On Friday 22 January 2016, the annual ERA (Academy of European Law) conference on the Unitary Patent took place in Brussels.

Regarding the agreement reached on the renewal fees, Clemens Heusch, head of European litigation at Nokia, explained that although Nokia currently has more than 30,000 (!) patent families in its patent portfolio, he finds the current level of renewal fees acceptable. The position of Nokia was backed by the representative of Business Europe, Mr. Ilias Konteas. Hence, we could conclude that the Select Committee of the Administrative Council of the EPO, chaired by Mr. Jerôme Debrulle, met up with the expectations regarding the renewal fees of the Unitary Patent. Especially the witticism “the fees shall be less than you fear and higher than you hope” long used by the president and other representatives of the EPO, did not appear to be hollow words after all.

The president of the Preparatory Committee, Alexander Ramsay, stressed at the ERA conference that the sunrise period for opting-out European patents would in any event start during the period of provisional application of the UPC Agreement. Between the lines of the presentations of different speakers we could read that there remains a realistic chance that no fees shall be charged for opting out of the system. The electronic payment of such fees in case of opt-out appears to be one of the factors to leave out any opt-out fee.

As it is currently foreseen, patent proprietors shall have to opt-out their patents per patent family. The opt-out shall be for all EPC member states in which the patent is validated. That means that also non-UPC member states or member states having not yet ratified the Agreement, shall be included in the opt-out. This is to avoid that an additional opt-out should become necessary once a Member State would decide to ratify during the lifetime of the European patent. Because of the different data regarding your patent you have to provide to opt-out, it will not be possible to opt-out a patent portfolio by one mouse click. Each patent family will take a minute or so to electronically opt-out.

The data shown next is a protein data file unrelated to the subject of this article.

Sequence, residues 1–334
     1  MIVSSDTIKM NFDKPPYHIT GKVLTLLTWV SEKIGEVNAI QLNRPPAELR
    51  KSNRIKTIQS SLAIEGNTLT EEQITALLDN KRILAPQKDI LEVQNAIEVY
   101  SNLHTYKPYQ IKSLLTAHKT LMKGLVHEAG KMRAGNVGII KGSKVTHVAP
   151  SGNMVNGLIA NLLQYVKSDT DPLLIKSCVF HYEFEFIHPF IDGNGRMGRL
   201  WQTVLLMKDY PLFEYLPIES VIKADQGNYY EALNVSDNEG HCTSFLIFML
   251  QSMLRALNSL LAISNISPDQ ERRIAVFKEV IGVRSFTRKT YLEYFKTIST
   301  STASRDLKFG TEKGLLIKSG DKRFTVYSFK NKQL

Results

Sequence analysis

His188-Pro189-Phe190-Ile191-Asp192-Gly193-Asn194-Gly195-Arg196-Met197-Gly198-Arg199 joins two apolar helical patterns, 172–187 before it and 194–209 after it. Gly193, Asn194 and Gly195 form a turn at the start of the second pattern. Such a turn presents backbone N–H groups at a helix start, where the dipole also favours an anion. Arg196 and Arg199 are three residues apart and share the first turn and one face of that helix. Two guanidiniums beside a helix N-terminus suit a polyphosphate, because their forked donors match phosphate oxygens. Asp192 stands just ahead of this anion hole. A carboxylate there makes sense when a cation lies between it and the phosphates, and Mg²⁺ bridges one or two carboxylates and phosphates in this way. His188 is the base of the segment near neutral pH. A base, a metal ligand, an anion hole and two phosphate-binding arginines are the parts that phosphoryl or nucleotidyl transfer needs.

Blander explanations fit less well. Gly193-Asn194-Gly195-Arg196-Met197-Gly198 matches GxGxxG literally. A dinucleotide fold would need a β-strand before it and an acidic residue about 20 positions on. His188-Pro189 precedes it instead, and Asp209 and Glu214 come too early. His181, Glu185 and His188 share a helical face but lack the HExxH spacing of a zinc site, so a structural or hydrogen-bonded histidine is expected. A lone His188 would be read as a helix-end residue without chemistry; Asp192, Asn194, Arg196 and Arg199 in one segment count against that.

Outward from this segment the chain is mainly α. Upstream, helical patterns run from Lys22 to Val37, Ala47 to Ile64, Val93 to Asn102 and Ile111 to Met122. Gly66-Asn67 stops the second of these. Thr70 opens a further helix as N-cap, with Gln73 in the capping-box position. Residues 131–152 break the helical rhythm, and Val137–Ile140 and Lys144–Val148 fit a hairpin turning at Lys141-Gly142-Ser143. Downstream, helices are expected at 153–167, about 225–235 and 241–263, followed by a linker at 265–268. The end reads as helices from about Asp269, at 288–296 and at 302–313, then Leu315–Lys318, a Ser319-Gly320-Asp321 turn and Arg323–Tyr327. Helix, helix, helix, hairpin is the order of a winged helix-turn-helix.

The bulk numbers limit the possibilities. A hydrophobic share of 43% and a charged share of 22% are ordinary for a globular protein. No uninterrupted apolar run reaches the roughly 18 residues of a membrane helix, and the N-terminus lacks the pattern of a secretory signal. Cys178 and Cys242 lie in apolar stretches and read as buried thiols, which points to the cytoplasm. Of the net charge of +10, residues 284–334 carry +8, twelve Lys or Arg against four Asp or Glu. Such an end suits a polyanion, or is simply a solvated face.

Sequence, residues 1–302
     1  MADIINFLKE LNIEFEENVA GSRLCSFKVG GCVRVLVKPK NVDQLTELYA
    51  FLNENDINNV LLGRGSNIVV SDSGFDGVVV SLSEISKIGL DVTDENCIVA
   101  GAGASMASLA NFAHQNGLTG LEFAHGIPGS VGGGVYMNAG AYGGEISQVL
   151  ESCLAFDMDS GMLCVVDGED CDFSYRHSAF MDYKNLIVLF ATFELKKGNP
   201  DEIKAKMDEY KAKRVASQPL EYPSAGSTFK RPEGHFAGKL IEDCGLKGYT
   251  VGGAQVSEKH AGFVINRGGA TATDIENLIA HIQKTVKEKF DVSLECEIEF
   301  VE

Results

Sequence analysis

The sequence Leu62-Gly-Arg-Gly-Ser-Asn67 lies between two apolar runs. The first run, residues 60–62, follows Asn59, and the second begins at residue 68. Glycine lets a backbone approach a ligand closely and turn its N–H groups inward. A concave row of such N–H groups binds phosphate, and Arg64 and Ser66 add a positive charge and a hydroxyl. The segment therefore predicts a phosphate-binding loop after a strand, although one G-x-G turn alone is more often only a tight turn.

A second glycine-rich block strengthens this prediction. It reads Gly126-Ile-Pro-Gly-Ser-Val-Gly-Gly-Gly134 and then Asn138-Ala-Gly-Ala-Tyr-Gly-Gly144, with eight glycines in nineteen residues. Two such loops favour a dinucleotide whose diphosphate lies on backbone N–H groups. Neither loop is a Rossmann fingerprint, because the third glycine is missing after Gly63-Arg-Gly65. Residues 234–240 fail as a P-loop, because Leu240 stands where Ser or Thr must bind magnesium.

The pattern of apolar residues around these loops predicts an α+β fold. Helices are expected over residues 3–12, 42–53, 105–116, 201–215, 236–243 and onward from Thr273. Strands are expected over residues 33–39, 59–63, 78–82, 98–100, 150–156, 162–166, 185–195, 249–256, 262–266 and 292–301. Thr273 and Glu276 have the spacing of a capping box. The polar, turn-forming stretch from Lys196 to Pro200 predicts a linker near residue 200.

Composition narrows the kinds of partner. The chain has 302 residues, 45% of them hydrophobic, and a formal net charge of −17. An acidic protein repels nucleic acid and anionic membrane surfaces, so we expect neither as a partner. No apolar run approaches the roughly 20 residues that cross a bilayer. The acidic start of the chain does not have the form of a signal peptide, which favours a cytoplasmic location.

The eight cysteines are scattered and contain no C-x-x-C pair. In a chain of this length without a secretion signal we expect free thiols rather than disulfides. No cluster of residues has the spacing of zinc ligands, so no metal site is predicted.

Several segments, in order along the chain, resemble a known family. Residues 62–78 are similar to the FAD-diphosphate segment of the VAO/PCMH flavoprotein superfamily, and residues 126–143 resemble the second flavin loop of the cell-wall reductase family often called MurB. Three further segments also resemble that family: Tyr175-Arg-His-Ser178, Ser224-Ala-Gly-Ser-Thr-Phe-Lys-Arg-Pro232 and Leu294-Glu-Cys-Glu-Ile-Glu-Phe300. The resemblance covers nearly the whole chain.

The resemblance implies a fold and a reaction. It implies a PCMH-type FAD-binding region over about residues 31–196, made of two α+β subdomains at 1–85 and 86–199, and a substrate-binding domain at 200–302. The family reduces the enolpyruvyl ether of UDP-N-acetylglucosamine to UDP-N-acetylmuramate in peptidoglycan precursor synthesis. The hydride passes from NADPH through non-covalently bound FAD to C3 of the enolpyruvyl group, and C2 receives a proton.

Another issue which shall be important when opting-out is to make sure that all patent proprietors are involved. Nor the EPO, nor the UPC registrar shall check whether the opt-out has been done properly. Therefore, Kevin Mooney warned patent attorneys to carefully address opt-outs requested by the patent proprietor(s). Patent attorneys shall have to perform due diligence in order to certify if they are authorized by all patent proprietors to opt-out. It is their responsibility if opt-outs are not performed correctly. The patent attorney shall not be able to rely on the European patent register to decide who the proprietor of a European patent is. In most cases in which patents are transferred or co-owned (including the split-up per member state of the ownership), patent proprietors do not bother to register the transfer or co-ownership. Rule 5.1 (b) of the Rules of Procedure clearly provides that all proprietors of a European patent need to lodge the application to opt-out. If the person lodging the application to opt out is not recorded as the proprietor(s) or applicant(s) in the European register, that person needs to lodge a Declaration of proprietorship. In the 18th (and final) draft of the Rules of Procedure it was clarified that a “proprietor” of a European patent is the person “entitled to be registered as proprietor(s) under the law of each Contracting Member State in which the European patent has been validated”, whether or not such person is in fact recorded in the register. For persons registered in each national patent register and the European Patent Register there is a rebuttable presumption that such person is entitled to be registered as proprietor (Rule 8.5. (c) RoP). But since this presumption is rebuttable, it will be the task of the parties (and its representatives) to verify the ownership rights. Nor the EPO, nor the UPC will do so. The opt-out procedure is meant to be “mechanical”. Therefore, if afterwards it appears that the opt-out was not done properly and the patent was subject to a UPC procedure (e.g. revocation action), the liability of the patent attorney could be triggered. Since the sunrise period for opt-outs shall most likely be only a few months, it is important for patent attorneys to carefully address questions to opt-out, certainly if it concerns large patent portfolios.

For more information on the opt-out procedure we refer to the upcoming second edition of the Kluwer International Law publication: P. CALLENS & S. GRANATA “Introduction to the Unitary Patent and the Unified Patent Court”, to be published in 2016.

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